Literary magazine promotes student creativity


Reygan Jones

The first two issues of the “Imagination” literary magazine were published in 1955 and 1956. Since then, the publication has doubled in size, and this year’s Editorial Board intends to publish two magazines instead of one.

Ella Chen, Staff Writer

Originally a small literary magazine of approximately 20 people, Imagination has doubled in size since the first issue came out in 1955. Filled with poets, novelists and short story writers, Imagination represents the creative student writers at the school.

English teacher Kemberly Kemp took over as one of the club sponsors eight years ago. In the first few years, students’ writings were published in an annual booklet. Kemp, along with English teacher Max Boyd, who joined last year, expanded Imagination’s reach by encouraging writers to create a literary magazine as well as enter in competitions like the Scholastic Teen Writing Contest.

Many students begin entering into the Scholastic Teen Writing Contest in seventh grade. Last year, 78 St. John’s students competed, many placing as national medalists. Alexis DePinho, a senior on the Imagination Editorial Board, participated in the competition and won a gold medal for her poem, “Citrics.”

She entered ten pieces of writing, seven of which were poems. DePinho takes a special interest in expressing her feelings through her poetry.

“I was a really edgy middle schooler that had a lot of feelings, and I wrote a lot of bad poetry, and eventually, somehow, I started writing not bad poetry,” DePinho said.

The literary magazine serves as a medium for students to write about topics of their choice. True to their name, the club motivates students to write from their imagination, from poems like “I Hate Writing” by Sacha Waters to a narrative called “Deep-Fried Feelings & Mickey Mouse Rice Krispies” by Juliette Draper.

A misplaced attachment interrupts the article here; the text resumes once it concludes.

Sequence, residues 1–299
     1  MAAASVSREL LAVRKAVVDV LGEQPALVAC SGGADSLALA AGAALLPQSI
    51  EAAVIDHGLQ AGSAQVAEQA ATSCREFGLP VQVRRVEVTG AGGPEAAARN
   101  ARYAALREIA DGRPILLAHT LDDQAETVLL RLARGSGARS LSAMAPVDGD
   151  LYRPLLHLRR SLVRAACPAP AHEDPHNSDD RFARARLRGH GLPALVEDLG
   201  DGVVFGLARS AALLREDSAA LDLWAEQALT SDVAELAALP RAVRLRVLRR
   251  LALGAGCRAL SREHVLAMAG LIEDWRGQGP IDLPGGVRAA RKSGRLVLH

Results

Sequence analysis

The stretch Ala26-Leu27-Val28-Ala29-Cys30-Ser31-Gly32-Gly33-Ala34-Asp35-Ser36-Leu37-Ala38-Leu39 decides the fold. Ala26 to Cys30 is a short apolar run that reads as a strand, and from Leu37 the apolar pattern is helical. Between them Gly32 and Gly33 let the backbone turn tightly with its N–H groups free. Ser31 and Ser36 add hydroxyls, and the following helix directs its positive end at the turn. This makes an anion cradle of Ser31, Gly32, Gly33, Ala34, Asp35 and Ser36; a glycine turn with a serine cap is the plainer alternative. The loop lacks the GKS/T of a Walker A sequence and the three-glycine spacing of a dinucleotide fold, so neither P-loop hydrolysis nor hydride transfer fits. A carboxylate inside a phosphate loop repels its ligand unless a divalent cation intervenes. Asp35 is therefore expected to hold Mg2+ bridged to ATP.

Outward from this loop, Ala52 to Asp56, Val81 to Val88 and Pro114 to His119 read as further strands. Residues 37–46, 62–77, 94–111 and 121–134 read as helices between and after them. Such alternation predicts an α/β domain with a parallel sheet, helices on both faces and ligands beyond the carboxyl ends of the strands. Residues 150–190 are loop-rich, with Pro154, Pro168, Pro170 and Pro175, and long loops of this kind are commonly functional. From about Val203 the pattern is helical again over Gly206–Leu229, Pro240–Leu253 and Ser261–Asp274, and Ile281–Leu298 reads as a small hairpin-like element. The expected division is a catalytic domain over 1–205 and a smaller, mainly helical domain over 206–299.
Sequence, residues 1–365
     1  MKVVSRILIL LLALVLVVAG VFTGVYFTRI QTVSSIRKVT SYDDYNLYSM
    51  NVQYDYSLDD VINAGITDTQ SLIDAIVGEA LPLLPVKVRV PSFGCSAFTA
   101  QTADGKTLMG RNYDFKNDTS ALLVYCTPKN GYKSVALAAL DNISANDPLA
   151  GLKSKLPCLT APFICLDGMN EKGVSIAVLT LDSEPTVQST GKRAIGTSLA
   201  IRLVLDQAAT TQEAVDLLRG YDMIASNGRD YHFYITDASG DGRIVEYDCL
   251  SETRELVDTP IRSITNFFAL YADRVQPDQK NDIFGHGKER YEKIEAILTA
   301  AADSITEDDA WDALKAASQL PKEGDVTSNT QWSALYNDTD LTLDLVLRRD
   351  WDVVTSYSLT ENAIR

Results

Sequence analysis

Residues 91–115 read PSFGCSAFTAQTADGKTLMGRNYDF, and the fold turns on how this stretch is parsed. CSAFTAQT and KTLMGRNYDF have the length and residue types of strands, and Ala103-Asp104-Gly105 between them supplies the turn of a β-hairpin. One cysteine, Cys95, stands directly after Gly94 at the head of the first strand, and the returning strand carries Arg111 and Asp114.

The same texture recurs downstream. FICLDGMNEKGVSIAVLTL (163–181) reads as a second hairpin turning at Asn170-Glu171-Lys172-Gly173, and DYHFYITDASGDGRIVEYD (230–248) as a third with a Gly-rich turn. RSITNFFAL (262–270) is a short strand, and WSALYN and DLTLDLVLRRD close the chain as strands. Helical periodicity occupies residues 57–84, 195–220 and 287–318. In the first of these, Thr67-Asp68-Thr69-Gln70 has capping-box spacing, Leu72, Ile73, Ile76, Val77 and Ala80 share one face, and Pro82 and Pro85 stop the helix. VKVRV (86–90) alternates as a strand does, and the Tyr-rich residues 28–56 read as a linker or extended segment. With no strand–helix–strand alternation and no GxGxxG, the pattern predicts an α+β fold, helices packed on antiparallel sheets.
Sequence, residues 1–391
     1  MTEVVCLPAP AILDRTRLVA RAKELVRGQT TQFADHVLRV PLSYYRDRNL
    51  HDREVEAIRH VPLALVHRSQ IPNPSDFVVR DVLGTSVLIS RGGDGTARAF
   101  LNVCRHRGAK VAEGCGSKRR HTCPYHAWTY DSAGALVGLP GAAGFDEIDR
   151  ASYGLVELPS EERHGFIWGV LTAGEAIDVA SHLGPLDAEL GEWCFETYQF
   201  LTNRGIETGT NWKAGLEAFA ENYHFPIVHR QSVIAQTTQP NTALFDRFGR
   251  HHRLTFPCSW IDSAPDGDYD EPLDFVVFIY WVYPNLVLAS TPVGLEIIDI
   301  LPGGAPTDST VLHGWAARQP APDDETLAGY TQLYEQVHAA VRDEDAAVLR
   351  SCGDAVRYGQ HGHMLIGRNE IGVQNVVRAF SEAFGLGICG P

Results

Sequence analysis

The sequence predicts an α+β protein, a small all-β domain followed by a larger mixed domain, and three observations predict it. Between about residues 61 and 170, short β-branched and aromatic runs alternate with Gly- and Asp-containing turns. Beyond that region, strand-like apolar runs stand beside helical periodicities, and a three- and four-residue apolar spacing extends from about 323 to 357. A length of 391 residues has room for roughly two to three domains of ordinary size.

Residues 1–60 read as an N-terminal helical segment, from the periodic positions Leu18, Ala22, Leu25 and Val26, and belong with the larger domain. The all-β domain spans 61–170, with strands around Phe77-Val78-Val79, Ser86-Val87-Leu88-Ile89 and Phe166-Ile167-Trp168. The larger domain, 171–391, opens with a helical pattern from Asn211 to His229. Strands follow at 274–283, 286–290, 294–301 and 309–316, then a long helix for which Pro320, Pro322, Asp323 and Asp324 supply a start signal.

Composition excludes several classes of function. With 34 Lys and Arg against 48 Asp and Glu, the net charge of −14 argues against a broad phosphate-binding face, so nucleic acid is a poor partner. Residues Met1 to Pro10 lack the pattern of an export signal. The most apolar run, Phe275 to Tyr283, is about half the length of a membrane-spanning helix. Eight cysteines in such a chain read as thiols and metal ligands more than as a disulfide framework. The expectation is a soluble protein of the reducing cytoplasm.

The Editorial Board is comprised of seniors DePinho, Sara Kao and Theo Sanders. Meeting weekly since the beginning of summer break, the board set goals for this year, one of which is to publish two magazines rather than one so they could promote more students’ work.

The club’s leaders and sponsors strive to make Imagination a place where students are comfortable to express themselves.

“My role is to look for a vision for how we can make [the students’ voices] heard better,” Kemp said.

The editors also hope to create a medium where students can express their ideas.

“It’s a place for people to feel like they’re being listened to and where people are listening, ” Kao said.

Most students do not have time or opportunities for creative writing. From papers analyzing Shakespeare to lab reports about organic molecules, many students focus on analytical writing in school. Despite all the papers students write in class, the majority of students are still uncomfortable with sharing their pieces with other people.

“What’s hard in a school like St. John’s is that students here are so scared to be vulnerable and show their voice in writing,” Kemp said. “That just may be the nature of being a teenager.”

One of the club’s principle goals this year is to inspire and encourage other students to join and embrace creative writing.

“We need to seek out and find those students who love to write and encourage them to try and be less vulnerable,” Kemp said.